We’ve heard quite a lot about a certain mockingbird lately.  Today, Kate Satz reports on a hawk that’s also been flying high.  H is for Hawk, by Helen Macdonald, has received all kinds of critical acclaim since its publication in the UK in July 2014 and in the U.S. in March this year.  It has “proved to be a bit of a puzzle for critics,” part memoir, part nature writing, part something else that’s hard to put your finger on.  Those confused critics could have just asked Kate.  She illuminated it perfectly for me.

From Kate:

I am not a birder.  Nor was I looking for grief meditation in a summer read, but my friend Amy pinned me with her piercing blue gaze and emphatic index finger, not unlike a raptor pouncing on its prey.

51ZFyNd66mL“You must read H is for Hawk.  Must.” So I picked it up, encouraged by the arresting cover design.  Within a page or two, I was captivated.

A research scholar at Cambridge, Helen Macdonald is a poet, a writer, and since childhood, a devoted student of falconry.  Upon the unexpected death of her father, she decided to train a goshawk, the most elusive and deadly of them all.  “When you are broken, you run.  But you don’t always run away.  Sometimes, helplessly, you run towards.”  Into the wild of grief.  Not unlike Cheryl Strayed in Wild, who takes on the notoriously difficult Pacific Coast Trail when she is completely unmoored by the loss of her mother, Macdonald acquires a goshawk, “the birdwatchers’ dark grail,” in a shifty exchange reminiscent of a drug deal.  She proceeds to train Mabel with the attentive intensity one gives a newborn, taking shelter in their forced solitude.  “Sitting there with the hawk in that darkened room I felt safer than I’d done for months.  Partly because I had a purpose.  But also because I’d closed the door on the world outside.  Now I could think of my father.”  Which she does, with tenderness and revelation.

Macdonald adored her father, an intrepid photo-journalist who obsessively watched and recorded the movements of aircraft across the war-torn skies of his childhood England.  She recalls a moment of childish frustration while waiting to spot sparrowhawks:

“I kicked at the base of the fence with my wellingtoned feet.  Squirmed and fidgeted.  Let out a sigh.  Hung off the fence with my fingers.  And then my dad looked at me, half exasperated, half amused, and explained something.  He explained patience.  He said it was the most important thing of all to remember, this: that when you wanted to see something very badly, sometimes you had to stay still, stay in the same place, remember how much you wanted to see it, and be patient.”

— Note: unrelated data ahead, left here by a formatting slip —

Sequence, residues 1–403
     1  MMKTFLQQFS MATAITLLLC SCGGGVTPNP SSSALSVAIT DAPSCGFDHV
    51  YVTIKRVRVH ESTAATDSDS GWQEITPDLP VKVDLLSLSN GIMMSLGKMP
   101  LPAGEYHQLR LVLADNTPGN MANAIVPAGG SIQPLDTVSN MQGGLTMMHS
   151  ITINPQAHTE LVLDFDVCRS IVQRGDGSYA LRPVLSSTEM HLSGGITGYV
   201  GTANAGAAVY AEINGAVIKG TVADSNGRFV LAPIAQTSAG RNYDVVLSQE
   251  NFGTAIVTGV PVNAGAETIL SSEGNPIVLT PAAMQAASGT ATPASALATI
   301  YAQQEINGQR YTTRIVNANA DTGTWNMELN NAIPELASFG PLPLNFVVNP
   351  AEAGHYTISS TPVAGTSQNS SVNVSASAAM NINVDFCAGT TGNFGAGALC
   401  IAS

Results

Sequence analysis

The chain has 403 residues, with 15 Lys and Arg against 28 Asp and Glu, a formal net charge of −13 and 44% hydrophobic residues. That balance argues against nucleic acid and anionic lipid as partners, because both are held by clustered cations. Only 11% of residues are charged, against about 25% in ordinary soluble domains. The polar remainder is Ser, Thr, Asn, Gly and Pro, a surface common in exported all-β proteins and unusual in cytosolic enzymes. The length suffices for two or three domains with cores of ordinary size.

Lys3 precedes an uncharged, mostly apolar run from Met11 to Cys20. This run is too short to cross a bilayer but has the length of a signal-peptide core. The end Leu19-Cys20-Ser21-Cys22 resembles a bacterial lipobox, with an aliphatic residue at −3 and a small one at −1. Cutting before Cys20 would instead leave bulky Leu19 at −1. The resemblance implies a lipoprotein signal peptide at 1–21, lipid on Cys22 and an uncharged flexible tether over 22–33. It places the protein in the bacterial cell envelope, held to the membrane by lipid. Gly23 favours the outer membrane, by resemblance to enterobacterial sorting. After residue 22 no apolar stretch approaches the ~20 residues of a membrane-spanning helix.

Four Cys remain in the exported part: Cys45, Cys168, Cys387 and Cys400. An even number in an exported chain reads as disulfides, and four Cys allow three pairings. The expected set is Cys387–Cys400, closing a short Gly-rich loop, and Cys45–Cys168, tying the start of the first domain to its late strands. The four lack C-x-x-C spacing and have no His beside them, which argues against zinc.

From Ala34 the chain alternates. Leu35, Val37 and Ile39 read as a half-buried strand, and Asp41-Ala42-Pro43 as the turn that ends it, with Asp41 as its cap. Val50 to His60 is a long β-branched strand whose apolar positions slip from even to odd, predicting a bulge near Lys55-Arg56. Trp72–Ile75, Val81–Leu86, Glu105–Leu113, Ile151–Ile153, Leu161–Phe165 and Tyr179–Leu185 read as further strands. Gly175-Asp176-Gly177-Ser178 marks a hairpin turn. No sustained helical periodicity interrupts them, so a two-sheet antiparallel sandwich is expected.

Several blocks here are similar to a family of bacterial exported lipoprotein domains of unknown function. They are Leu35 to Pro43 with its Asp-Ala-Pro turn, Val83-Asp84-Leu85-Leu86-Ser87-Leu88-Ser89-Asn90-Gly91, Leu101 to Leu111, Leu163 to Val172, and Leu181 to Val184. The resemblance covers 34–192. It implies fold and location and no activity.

So too with grief.  As much as we labor to confine it neatly to memorial services and an acceptable number of excused absences, urging ourselves not to upset the daily march, grief stubbornly moves at its own pace.  Rituals of mourning offer no more security than hood, jesses or creance; slip them off, and grief is as wild and unpredictable, terrifying yet strangely beautiful, as nature’s most mysterious hawk.

Macdonald identifies with Mabel. “I popped the hood back over her head.  There.  Fleeting panic, nerves afire, and then she relaxed because the day had turned to night and I had disappeared.  The terror had gone.  Hoodwinked.  It was an ancient piece of trickery and an excusable one: the darkness would give her the space to set her frayed nerves to rights.  As it would mine.”  Before long, though, the peaceful solitude morphs into dark, paralyzing anxiety:

“I’d turned myself into a hawk – taken all the traits of goshawks in the books and made them my own.  I was nervous, highly strung, paranoid, prone to fits of terror and rage; I ate greedily or didn’t eat at all; I fled from society, hid from everything; found myself drifting into strange states where I wasn’t certain who or what I was.”  Eventually, Macdonald finds her way through this wild and home, realizing that “Hands are for other human hands to hold.  They should not be reserved exclusively as perches for hawks.”

My friend’s father, an Episcopal priest, used to talk about good grief.  Not as in Charlie Brown; as in the life-affirming grace we experience when faced with great loss.  The shaping of memory and understanding of ourselves, those we love, and the world around us.  To get there, we have to endure the wild within ourselves, the sorrow and the rage and the fear, all evidence of the love itself.  Grief is but love in another guise.  In its grip, Macdonald perceives the myriad ways her father lives both in memory and in who she is: an observer and an artist with language, as he was with a camera lens.  She finds lightness, realizing that “you can reconcile the wild.  You can bring it home with you.”

Perhaps more than any I’ve read, this book demonstrates how much the reader brings meaning to an author’s words.  I felt like H is for Hawk was written for me; given its worldwide acclaim, I’m clearly not alone.  Layers of language and meaning, gorgeous descriptions of landscape and memory, thoughtful reflections on history and identity, even the tortured presence of T.H. White, wretched falconer and author of the beloved The Once and Future King; Macdonald’s story is rich with joy and sorrow and wisdom.  I can only echo Amy’s words: you must read it.

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For an introductory bio on Kate (and her prior post on Nancy Horan’s Under the Wide and Starry Sky), please click here.

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